BS: When remixing a song it's always important to integrate the obvious signifying elements of the original tune, but it is the remixing artist's job to focus in on specific non-frontal elements that are sometimes buried under the leading characteristics on the work. This is where the 'art' idea of remixing anything comes into play; artists are supposed to have a vision that transcends the obvious. When working this into beer it's quite the same, and for this reason I am also choosing beers that have defining elements to work with as well as subtle nuances that can be expanded upon. For instance I would not choose to do a remix on a standard pale ale or any other basic BJCP-styled beer, because even if the beer is 100% perfect to style, it is designed to be perceived as just that, a pale ale; and any unique character added to that equation is considered a flaw in that realm, so there isn't much to work with there. So I am choosing to work with cutting-edge brewers that are creating unique offerings that have elements to break apart and expand upon... and there is nothing better than deconstructing something to help you understand it.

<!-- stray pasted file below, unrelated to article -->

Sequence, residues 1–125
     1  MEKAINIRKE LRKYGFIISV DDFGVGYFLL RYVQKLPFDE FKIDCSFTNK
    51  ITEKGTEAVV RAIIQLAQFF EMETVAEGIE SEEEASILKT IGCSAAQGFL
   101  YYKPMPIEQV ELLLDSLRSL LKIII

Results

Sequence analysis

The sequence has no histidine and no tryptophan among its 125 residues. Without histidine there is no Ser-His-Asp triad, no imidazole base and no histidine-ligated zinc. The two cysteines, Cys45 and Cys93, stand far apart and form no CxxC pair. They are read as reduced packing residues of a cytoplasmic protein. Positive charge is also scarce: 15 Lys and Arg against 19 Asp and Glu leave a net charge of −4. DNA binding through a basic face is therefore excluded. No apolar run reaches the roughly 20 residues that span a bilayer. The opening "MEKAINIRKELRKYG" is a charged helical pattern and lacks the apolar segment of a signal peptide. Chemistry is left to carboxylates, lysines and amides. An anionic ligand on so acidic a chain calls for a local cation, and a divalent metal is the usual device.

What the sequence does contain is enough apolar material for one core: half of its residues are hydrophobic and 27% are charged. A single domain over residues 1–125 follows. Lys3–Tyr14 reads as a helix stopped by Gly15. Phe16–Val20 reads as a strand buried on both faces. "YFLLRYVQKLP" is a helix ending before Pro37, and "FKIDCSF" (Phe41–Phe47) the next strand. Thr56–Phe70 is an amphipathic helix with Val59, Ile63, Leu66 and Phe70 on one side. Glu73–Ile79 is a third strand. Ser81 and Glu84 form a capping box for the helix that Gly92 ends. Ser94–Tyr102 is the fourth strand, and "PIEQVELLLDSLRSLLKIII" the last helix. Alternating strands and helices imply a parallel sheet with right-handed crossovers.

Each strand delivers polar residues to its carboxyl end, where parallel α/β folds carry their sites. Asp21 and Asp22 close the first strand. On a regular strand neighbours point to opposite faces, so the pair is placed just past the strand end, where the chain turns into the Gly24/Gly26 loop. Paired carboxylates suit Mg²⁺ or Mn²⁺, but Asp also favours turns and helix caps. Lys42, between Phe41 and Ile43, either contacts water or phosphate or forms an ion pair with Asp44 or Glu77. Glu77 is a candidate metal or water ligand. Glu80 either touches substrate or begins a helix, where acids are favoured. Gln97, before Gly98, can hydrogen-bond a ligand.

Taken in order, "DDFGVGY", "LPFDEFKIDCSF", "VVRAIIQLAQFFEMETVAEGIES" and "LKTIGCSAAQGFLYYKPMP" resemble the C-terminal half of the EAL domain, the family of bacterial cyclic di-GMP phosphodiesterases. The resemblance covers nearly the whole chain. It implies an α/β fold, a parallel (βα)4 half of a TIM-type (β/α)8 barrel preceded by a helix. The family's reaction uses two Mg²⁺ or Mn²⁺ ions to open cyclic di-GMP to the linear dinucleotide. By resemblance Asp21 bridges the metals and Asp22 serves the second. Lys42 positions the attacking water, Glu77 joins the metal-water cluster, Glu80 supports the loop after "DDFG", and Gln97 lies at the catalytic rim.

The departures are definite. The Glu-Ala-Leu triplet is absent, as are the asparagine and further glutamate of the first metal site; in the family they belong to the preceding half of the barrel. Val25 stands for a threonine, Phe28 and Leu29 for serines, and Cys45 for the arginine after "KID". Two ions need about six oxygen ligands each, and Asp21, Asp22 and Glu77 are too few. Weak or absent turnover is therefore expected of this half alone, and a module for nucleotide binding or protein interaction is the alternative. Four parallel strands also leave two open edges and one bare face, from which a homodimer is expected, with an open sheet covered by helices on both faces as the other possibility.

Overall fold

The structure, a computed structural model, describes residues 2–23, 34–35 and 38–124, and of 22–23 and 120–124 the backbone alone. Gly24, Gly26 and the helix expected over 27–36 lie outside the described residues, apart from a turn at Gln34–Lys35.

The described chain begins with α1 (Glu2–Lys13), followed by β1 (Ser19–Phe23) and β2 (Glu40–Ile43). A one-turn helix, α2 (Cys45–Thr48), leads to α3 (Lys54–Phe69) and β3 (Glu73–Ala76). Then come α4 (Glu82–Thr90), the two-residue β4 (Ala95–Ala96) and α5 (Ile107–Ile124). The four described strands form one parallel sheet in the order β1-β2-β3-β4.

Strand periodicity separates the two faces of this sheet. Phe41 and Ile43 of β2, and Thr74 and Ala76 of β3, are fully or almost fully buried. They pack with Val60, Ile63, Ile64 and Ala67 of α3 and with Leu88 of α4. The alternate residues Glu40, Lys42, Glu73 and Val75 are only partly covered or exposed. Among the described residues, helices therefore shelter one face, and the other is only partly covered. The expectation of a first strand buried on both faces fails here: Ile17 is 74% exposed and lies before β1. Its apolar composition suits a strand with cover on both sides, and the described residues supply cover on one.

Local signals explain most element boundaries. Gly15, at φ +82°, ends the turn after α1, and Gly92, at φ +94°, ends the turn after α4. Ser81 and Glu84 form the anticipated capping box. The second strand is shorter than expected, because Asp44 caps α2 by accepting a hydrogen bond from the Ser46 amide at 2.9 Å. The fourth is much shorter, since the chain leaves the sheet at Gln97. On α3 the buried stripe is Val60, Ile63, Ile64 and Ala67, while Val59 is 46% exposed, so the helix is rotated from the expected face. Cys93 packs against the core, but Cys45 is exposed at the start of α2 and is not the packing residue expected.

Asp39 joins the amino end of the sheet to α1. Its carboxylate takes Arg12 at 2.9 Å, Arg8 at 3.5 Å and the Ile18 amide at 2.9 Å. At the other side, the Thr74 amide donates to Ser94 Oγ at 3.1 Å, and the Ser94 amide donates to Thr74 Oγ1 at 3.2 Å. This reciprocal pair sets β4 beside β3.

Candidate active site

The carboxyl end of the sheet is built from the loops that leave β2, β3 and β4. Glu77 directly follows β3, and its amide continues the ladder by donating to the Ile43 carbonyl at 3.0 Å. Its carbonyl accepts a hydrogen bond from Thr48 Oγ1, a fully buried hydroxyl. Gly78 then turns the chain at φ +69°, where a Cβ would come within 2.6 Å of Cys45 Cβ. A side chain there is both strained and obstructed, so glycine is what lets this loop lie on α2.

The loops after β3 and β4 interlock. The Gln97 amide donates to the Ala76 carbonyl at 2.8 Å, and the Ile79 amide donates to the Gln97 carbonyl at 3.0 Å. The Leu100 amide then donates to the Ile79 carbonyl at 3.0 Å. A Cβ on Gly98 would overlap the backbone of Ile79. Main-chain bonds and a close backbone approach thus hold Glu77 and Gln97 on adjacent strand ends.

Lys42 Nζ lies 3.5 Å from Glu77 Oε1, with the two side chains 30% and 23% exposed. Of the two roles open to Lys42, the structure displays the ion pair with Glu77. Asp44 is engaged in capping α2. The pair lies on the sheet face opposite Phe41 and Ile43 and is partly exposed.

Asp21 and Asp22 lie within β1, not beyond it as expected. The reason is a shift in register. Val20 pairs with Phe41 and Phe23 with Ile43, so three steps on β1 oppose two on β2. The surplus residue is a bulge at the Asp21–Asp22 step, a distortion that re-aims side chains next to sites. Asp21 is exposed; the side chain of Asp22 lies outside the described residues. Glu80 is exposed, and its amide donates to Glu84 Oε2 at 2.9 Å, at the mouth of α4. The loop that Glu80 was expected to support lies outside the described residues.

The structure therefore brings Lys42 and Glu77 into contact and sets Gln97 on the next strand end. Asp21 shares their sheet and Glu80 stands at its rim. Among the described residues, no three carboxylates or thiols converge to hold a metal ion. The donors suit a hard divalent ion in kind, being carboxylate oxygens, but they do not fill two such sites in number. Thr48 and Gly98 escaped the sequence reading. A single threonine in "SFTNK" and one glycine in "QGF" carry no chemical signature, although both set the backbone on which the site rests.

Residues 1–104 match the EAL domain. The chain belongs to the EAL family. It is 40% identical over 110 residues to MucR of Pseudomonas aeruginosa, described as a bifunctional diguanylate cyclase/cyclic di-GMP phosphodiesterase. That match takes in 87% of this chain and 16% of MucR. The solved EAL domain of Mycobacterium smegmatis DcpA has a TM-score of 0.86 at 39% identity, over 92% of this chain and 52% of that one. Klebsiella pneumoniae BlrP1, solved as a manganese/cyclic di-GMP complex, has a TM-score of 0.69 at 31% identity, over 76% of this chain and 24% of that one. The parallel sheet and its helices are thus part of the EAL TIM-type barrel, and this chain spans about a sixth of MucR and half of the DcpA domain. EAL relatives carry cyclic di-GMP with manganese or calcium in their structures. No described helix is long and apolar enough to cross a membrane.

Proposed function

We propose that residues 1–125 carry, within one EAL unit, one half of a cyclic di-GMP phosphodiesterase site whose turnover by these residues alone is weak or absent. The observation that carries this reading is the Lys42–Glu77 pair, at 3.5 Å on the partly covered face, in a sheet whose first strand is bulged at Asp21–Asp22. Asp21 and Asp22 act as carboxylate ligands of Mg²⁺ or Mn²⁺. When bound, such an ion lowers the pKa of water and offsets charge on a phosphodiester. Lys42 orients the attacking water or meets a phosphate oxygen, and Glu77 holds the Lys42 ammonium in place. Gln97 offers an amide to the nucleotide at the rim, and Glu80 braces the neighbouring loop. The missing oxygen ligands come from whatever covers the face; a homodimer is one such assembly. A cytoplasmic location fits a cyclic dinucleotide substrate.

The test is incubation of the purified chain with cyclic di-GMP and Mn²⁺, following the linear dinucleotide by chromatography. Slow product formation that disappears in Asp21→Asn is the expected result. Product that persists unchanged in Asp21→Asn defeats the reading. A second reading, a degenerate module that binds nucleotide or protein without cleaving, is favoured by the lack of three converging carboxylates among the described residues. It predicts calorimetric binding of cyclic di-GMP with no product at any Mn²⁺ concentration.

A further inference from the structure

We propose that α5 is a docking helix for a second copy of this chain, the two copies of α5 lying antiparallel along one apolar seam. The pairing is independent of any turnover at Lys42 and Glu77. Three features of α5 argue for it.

D: Let's introduce some further complexity, because a beer like Stillwater Premium is, in a way, already a remix, no? It's your take on American adjunct beer, which is, in turn, BudMillerCoor's take on a German-style lager. So, what are the signifying elements of German lager in an American adjunct lager that are also present in Premium and its remix? Or, what aspect(s) of Premium did you want to highlight in its remix, and why?